I let you see the difference with other emulator.

Yes you're right, the title was a bit short, I did not notice thank you ;)


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PostPosted: Thu Jun 13, 2019 5:10 pm 
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Summation for people who can't be bothered to sift through the bizarre above:

1. CPU usage percentages in initial post are measuring actual SNES/65816 CPU usage, not CPU usage of the emulator running on a system (despite what poster said here),

2. VBlank numbers in initial post are numbers of CPU cycles remaining after doing OAM updates + sprite update + BG3 screen map and/or CHR data; DMA is involved,

3. Numbers in question are all for NTSC.

How #1 is being measured is relevant, but I do not doubt the numbers -- 6% variance seems quite legitimate/realistic (that is to say: I believe these numbers).

I suspect some emulators just lack "absolutely precise timing", and I think that's perfectly OK as long as the trade-offs are worth it (e.g. an emulator not chewing up two cores of CPU time). I am a very, very strong proponent of the "just make emulators run most games (e.g. 95%), which is the same 95% the majority of the world cares about, and ignore the rest" emulation mindset; I generally refuse to use emulators that will result in me having an elevated electric bill (exceptions being when I need to test something for very short periods of time, i.e. not multi-hour-long debug sessions).


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PostPosted: Fri Jun 14, 2019 2:42 am 
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I once spent two weeks exhaustively ruling out every possibility to determine why rarely my timing was off by 1/10-millionth of a second during some IRQs but not others. By comparison, Snes9X is still an opcode-based emulator for the 65816.

Still, nothing is perfect. Make a minimal test case as proof of a bug in higan, and I promise I'll fix it ASAP.

Quote:
TASVideos uses an older bsnes core in their emulator to create input recordings that can be played back on real hardware. That sounds like it's quite perfect.


SNES TAS will always be risky by nature of there being two separate oscillators even in just the base system, and more in certain cartridges. The games that run okay with TASbot are not going to be all that extremely timing sensitive.

Quote:
It is not perfect, for example a strange bug that I had was that if you do not read the joypad at the right time you can have graphics glitch, I doubt that bsnes emulates this kind of bug ;)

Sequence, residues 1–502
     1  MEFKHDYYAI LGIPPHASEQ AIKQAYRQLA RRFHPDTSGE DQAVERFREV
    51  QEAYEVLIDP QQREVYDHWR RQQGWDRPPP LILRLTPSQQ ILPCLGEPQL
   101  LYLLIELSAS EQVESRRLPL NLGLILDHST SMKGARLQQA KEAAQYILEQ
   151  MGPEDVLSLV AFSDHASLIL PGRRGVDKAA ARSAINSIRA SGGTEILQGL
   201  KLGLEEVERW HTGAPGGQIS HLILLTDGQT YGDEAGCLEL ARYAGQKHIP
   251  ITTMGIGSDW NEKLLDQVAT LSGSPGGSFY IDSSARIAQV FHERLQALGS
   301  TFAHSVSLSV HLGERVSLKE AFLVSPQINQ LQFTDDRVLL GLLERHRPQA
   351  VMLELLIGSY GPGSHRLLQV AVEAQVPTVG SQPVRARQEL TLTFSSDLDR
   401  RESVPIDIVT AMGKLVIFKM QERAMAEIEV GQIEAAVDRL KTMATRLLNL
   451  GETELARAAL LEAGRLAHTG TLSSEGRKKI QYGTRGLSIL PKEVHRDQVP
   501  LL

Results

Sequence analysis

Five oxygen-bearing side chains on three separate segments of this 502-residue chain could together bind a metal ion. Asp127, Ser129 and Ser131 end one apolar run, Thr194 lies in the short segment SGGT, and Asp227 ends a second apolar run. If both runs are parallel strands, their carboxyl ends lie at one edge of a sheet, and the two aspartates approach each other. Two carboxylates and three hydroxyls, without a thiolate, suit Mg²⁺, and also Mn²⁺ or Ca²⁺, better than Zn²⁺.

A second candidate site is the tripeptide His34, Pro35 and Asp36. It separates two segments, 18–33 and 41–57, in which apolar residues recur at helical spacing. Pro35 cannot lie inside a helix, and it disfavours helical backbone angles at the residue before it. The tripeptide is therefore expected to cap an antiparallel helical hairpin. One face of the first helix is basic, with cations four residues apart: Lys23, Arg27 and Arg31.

Probably because that statement is utter nonsense. The joypads don't affect the rendering operation of the PPUs in any way.

In 2004 when I was writing about the inaccuracies of ZSNES, I explained a lot of theories as well. Looking back on it now, those theories were pretty silly, and were based on a limited understanding of the SNES hardware I had at the time.

When it comes to your demo, you should note that every SNES deck in existence runs at slightly difference oscillator rates. If your test is in any way whatsoever bound to CPU<>SMP communications, it could result in different values on different SNES decks.

In any case, if you and koitsu prefer Snes9X, that's awesome! It's a very good piece of software that I'd highly recommend.
But if you have any direct proof of a specific thing Snes9X gets right that I don't, please tell me. I'd love to get it fixed.
A CPU meter in a full-fledged game doesn't really show anything, unfortunately.


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PostPosted: Fri Jun 14, 2019 4:16 am 
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NOT wanting to derail thread: I suspect the "can't read joypads right after VBlank" claim (ref) stems from official documentation -- when $4200 bit 0 is set, you're not supposed to read joypad data from $4218-421F until roughly 4 scanlines worth of time have passed (or more specifically, 215 microseconds). I don't know the reasoning behind these numbers, but they're from the big N. Most people reading joypads in NMI do so at the end of the routine for this reason, often combined with loop: lda $4212/and #1/bne loop to ensure $4212 bit 0 is 0 before reading from $4218-421F/4016-4017. All of what I said in this paragraph only applies when $4200 bit 0 is set. I suspect $4016-4017 (the NES-compatible legacy MMIO regs) are no exception to this either.

In practise though, I've personally never run into a situation where this has been a problem simply because I delay joypad reads until the end of NMI as much as I can, as well as do the $4212 polling loop.